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African Regional Cooperation: Lessons from Deep Integration?

01-01-2012

World Trade Organisation. 2012. African Regional Cooperation: Lessons from Deep Integration? GREAT Insights, Volume 1, Issue 1. January-February 2012. Maastricht: ECDPM

This year’s World Trade report takes a close look at Preferential Trade Agreements (PTAs), and analyses their relation to the multilateral trading system. This article highlights the parts of the report focusing on the trends towards regional integration and cooperation in Africa. The main finding of the report is that the recent trend of PTAs addressing deep, ‘behind the border’ issues might provide a helpful blueprint to address the shortcomings of the ‘linear’ model of integration followed on the African continent.

PTAs and ‘deep’ liberalization

Most recent PTAs go beyond traditional tariff-cutting exercises and may include such policy areas as services trade, investment, intellectual property, technical barriers to trade and dispute settlement. For instance, about one- third of PTAs in force today contain services commitments compared to less than a tenth in 1990.

Trade agreements that mostly deal with border measures are often defined as “shallow” agreements. In contrast, preferential agreements that include rules on other domestic policies are referred to as “deep” agreements. Two distinct dimensions of deep integration are the “extensive” and the “intensive” margin. The extensive margin refers to an increase in the policy areas covered by an agreement, while the intensive margin refers to the institutional depth of the agreement. The extensive and intensive dimensions of deep agreements may be related, as an extension of the coverage of an agreement may require the creation of common institutions for its proper functioning.

Deep arrangements may be necessary to promote trade in certain sectors and economic integration more broadly. For instance, harmonization or mutual recognition of certain regulations may be a pre- requisite for trade in services, or competition policy rules may be required to allow comparative advantage to materialize.

Deep integration lowers trade costs and provides shared benefits, such as common rules and a stable monetary system that the market or national governments fail to offer. However, no unifying analysis is possible of the economic effects of deep integration, as these effects depend on the specific form that arrangements take. Deep integration with advanced economies may create advantages for developing countries from importing best-practice institutions. However, costs may be involved if the common rules are distant from national preferences and the needs of developing countries.

The continuous expansion of production sharing between developed and developing countries requires deeper agreements to fill the governance gap between countries. An agreement such as the North American Free Trade Agreement, for example, includes disciplines going beyond preferential tariffs that are required to facilitate production sharing between the United States and Mexico. In Europe the Euro- Mediterranean agreements fulfil the same objective.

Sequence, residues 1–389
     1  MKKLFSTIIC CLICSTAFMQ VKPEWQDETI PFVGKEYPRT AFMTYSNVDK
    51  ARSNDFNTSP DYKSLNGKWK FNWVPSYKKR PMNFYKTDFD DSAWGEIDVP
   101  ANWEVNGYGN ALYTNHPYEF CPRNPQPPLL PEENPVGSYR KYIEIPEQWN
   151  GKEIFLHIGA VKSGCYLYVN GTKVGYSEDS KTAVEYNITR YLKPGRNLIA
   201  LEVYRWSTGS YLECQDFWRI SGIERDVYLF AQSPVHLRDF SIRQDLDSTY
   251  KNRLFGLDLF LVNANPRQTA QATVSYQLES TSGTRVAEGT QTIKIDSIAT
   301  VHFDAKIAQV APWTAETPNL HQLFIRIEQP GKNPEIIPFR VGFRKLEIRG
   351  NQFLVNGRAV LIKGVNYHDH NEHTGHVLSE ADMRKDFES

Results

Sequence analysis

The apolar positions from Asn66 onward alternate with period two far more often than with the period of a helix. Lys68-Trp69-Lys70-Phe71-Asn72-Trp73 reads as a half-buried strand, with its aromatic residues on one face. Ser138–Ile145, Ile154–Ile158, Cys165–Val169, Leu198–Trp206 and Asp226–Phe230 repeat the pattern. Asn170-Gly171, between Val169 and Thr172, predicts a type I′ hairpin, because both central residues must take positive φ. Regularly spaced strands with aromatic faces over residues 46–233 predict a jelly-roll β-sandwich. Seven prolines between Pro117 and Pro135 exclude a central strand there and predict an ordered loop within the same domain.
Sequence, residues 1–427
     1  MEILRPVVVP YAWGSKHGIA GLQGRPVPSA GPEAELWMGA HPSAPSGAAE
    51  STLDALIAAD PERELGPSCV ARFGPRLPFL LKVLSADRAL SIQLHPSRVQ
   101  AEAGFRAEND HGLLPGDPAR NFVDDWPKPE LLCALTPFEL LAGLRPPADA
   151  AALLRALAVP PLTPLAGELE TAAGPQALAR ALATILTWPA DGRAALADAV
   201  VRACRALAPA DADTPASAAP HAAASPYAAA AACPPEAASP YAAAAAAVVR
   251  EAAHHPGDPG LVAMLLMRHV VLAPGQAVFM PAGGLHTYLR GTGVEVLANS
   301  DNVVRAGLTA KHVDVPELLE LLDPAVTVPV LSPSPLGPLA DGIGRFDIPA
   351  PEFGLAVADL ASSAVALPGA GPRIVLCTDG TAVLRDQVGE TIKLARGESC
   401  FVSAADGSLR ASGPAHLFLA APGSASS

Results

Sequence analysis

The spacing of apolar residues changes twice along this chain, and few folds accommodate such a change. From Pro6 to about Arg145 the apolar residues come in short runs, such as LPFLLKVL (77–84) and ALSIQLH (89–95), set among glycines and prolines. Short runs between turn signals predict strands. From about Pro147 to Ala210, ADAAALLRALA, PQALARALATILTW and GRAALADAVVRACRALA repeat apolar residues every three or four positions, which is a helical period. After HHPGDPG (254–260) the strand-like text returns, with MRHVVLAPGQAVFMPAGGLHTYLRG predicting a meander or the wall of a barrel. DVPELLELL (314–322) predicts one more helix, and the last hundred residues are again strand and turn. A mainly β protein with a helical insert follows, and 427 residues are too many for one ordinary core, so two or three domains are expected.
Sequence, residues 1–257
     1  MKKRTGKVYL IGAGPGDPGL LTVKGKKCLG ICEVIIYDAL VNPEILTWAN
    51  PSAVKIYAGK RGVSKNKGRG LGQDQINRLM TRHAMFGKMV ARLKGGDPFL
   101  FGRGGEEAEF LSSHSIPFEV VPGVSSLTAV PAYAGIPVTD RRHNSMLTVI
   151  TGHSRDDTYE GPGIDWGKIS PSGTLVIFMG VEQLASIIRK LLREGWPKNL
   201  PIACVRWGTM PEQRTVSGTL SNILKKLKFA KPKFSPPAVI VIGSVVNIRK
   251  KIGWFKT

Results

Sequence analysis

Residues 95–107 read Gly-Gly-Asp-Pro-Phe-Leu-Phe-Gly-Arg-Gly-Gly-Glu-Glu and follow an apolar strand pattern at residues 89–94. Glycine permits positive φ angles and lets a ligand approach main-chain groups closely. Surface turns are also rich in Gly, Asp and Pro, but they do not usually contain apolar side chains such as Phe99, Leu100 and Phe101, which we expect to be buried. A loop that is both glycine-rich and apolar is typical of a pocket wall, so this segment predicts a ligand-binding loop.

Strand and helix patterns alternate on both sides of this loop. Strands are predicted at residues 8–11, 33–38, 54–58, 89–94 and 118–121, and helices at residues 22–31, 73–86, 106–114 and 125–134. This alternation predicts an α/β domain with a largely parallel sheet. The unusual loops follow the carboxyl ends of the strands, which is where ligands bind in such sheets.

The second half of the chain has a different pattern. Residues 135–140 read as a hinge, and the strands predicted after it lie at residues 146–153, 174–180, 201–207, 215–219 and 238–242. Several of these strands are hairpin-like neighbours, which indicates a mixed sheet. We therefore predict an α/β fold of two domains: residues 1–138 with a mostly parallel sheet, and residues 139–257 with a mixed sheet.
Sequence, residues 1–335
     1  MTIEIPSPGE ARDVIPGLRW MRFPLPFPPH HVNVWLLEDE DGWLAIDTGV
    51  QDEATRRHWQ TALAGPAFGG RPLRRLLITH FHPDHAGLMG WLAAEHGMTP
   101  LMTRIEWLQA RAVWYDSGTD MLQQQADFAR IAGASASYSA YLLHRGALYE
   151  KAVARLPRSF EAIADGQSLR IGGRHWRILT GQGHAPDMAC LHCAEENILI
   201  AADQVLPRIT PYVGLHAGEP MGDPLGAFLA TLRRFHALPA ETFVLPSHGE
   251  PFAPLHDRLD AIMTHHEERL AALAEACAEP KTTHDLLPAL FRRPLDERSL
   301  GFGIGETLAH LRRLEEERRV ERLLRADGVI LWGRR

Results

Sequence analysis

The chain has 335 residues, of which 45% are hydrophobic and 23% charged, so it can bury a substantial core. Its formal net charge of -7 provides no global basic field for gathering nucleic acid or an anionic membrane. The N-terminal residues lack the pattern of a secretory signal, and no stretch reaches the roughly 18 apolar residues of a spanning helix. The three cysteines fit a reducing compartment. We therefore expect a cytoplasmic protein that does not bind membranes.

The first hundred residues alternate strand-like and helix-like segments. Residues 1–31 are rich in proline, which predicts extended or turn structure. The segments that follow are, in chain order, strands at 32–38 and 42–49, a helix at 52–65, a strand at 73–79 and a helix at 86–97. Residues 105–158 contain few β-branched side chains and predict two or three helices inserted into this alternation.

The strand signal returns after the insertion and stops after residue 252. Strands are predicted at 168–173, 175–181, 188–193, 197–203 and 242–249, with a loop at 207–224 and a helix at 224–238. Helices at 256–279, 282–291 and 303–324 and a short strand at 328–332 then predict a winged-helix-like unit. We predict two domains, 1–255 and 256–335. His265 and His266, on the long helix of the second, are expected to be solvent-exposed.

African regionalism: the linear model?

Not all PTAs are prompted by international production networks and the trend towards deep integration. African regional cooperation is a case in point. Understanding the political and historical context in which African PTAs emerged is key in this regard.

The geopolitical configuration of Africa has been largely determined by the political forces of colonialism. The borders of African countries demarcated the colonies of the European powers, not the emergence of nation states in Africa. A fragmented continent is the result, with small markets, small economies, and a large number of landlocked countries significantly limiting development options. Fragmentation is associated with the lack of economies of scale in the production and distribution of goods and services and the impact of scale on the cost of public goods. In the early years of independence, attention focused strongly on the need to overcome the problems of scale and fragmentation. Continental economic and political unification was accepted as a rational response in order to create a larger economic space for industrialization and economic development.

This was an era of economic planning, and Africa’s leadership believed that economic planning would be more practicable at a regional, and ultimately continental, level. Underpinning this policy approach was the conviction that the path to development would be industrialization, and diversification away from reliance on primary commodity production. The industrialization-regional integration links were clear.